How to Change the Video Compression Codec on the GoPro HERO9 Black

The GoPro HERO9 Black has two video codecs available for recording video. Both of these produce files with an .mp4 extension. The difference is in how the video is compressed and encoded.

GoPro HERO9 Black Video Compression HEVC H.264
GoPro HERO9 Black Video Compression HEVC H.264
Last Updated:
Filed Under: Video

This post may include affiliate links. Read more.

The GoPro HERO9 Black has two video codecs available for recording video: HEVC (H.265) and AVC (H.264). Both of these produce files with a .mp4 extension, so you can’t tell them apart just by looking at the filenames. The difference is in how the video is compressed and encoded. One is newer, more efficient, potentially higher quality, and less compatible. The other is older, much more compatible, and less efficient.

Holiday Deal! GoPro HERO10 Bundle - $399

  • GoPro HERO10 Black
  • + Magnetic Swivel Clip
  • + Spare Standard Battery
  • + Shorty Grip
  • + 32GB SanDisk EXTREME SD Card
  • + 1-Year GoPro Subscription

All for $399.98 ($260 in value savings). You can find the deal at GoPro.com.

Here’s a quick rundown of how they’re used on the HERO9 Black and which to choose when.

H.264 is an older but extremely widely compatible compression algorithm. This is the codec used on older GoPros, and it has been extremely widely used online for several years, everywhere from YouTube to DailyMotion to Vimeo. It’s stable and reliable.

There’s also a newer codec that’s gaining in usage and popularity. It’s most commonly known as HEVC (for High-Efficiency Video Coding). Less commonly, it’s also known as H.265. It’s a newer, better codec, but it’s still not yet as widely compatible in the same way the older H.264 codec is. (If you’re having trouble with the HEVC files, first try the GoPro Player desktop app. I’ve posted another workaround here.)

On the HERO9 Black, you have some choices when it comes to using HEVC or H.264. You don’t get that choice with every combination of resolution and framerate—some, like 5K30, are only available with the newer, better HEVC codec. But with others, you can choose between using settings for HEVC or H.264 + HEVC.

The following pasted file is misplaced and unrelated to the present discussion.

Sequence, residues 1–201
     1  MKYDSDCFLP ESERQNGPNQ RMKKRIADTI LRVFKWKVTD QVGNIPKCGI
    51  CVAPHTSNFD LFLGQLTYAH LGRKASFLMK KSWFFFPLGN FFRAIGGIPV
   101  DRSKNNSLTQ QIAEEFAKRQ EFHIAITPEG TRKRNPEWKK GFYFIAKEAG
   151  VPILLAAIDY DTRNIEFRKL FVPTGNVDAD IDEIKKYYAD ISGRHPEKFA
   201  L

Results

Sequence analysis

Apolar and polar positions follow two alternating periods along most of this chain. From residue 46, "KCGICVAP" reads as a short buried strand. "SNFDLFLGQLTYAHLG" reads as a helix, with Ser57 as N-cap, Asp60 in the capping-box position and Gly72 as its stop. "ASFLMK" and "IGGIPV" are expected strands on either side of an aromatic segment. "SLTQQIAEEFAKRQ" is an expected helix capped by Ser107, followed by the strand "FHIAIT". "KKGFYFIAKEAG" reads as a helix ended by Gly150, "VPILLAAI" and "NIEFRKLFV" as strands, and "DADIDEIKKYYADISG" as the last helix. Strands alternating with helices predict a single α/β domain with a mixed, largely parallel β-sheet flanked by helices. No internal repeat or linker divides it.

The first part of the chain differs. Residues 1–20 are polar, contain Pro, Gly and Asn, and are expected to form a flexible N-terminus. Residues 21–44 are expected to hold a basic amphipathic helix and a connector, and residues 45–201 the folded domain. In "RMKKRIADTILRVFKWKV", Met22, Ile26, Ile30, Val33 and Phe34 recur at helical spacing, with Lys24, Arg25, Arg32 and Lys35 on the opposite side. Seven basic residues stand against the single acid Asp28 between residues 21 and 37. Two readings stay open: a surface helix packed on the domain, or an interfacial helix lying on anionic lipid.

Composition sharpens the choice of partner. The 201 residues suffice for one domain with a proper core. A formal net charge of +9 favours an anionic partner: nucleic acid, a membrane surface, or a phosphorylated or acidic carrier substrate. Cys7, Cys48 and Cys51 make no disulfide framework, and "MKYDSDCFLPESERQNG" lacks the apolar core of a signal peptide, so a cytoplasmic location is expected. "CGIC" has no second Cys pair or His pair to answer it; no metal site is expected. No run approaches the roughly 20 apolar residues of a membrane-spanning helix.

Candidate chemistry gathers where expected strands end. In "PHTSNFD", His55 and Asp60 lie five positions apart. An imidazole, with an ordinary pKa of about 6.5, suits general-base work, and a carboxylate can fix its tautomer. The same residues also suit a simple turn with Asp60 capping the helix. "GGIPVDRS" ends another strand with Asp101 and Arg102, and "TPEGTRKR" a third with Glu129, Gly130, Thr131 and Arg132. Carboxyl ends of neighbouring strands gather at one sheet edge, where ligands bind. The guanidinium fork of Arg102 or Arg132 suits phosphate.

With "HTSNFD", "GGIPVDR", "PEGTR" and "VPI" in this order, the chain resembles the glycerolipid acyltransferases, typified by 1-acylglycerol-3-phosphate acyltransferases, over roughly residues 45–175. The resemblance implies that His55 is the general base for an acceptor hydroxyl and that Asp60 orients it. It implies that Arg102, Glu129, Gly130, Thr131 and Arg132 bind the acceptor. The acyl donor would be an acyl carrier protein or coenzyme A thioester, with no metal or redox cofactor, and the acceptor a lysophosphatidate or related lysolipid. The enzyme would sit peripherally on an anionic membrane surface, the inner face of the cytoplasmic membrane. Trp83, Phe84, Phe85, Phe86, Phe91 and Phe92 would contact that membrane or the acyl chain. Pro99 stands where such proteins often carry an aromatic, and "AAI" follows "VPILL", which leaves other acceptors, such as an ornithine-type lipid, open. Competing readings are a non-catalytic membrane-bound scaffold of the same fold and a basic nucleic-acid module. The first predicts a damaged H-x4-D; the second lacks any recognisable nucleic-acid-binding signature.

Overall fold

You can find this setting under:

Preferences > General > Video Compression

The two options are:

  • HEVC
  • H.264 + HEVC

(Note that if you’re using the GoPro mobile app, these show up in the Video Compression option as “High Efficiency” and “Most Compatible”. The H.264 + HEVC is the same as the “Most Compatible” option.)

Things Worth Knowing

The main reason I’m posting this is not so much just to point out that the HERO9 Black has these options available but because the way this option works isn’t quite as intuitive as it could be.

The first option is obvious enough: it will use HEVC for all video recordings. Pretty straightforward.

The second option isn’t quite as obvious. On most cameras, if you choose an option like RAW + JPG, the camera will record both simultaneously. That is, it’ll save two versions of the image, one in each format.

But on the GoPro HERO9 Black, choosing H.264 + HEVC won’t record two versions. What it will do is use H.264 for most of the video options. But with some of the high-end video modes, you can still only record them with the HEVC codec. If you’re recording 5K30, for instance, it will only record using the HEVC codec regardless of whether you’ve chosen the H.264 + HEVC option. So “H.264 + HEVC” doesn’t mean “H.264 and HEVC”; it means H.264 when available and HEVC when it’s not.

Which to Use When

The simplest and most compatible choice is the H.264 + HEVC option.

For potentially higher quality, the HEVC option offers a number of advantages related to its much more efficient encoding. Bitrate for bitrate, if you encode a video in both HEVC and H.264 using the same bitrate, the HEVC should result in better quality video (I’m qualifying this with “should” because there are other factors and settings that impact video quality.)1 The catch is that you might need to check on your computer’s compatibility with working with HEVC files. The best place to start is to install the GoPro Player desktop app.

Which Video Modes Use H.264 on the HERO9 Black

To find out which video modes on the HERO9 Black supported H.264, I recorded some short clips and then checked the codec used for each.

Shooting Mode fps H.264 / HEVC
5K 30 HEVC Only
25 HEVC Only
24 HEVC Only
4K 60 HEVC Only
50 HEVC Only
30 H.264 + HEVC
25 H.264 + HEVC
24 HEVC Only
4K4:3 30 HEVC Only
25 HEVC Only
24 HEVC Only
2.7K 120 HEVC Only
60 H.264 + HEVC
50 H.264 + HEVC
2.7:4:3 60 HEVC Only
50 HEVC Only
1440p 120 HEVC Only
60 HEVC Only
50 HEVC Only
30 HEVC Only
25 HEVC Only
24 HEVC Only
1080p 240 HEVC Only
120 H.264 + HEVC
60 H.264 + HEVC
50 H.264 + HEVC
30 HEVC Only
25 HEVC Only
24 HEVC Only

Things Worth Knowing

With enabling the H.264 + HEVC option, in combination with some careful selection of resolution/framerate combinations, it’s possible to avoid HEVC on the HERO9 Black. But since the HERO6 Black, recent GoPro models have become increasingly reliant on HEVC.


  1. The maximum video bitrate used on the HERO9 Black is 100 Mbps. 
by David Coleman

I'm a freelance travel photographer based in Washington DC. Seven continents, up mountains, underwater, and a bunch of places in between. My images have appeared in numerous publications, and you can check out some of my travel photography here. I've been shooting with GoPros for years, starting with the HD HERO, and have owned and used every model since. More »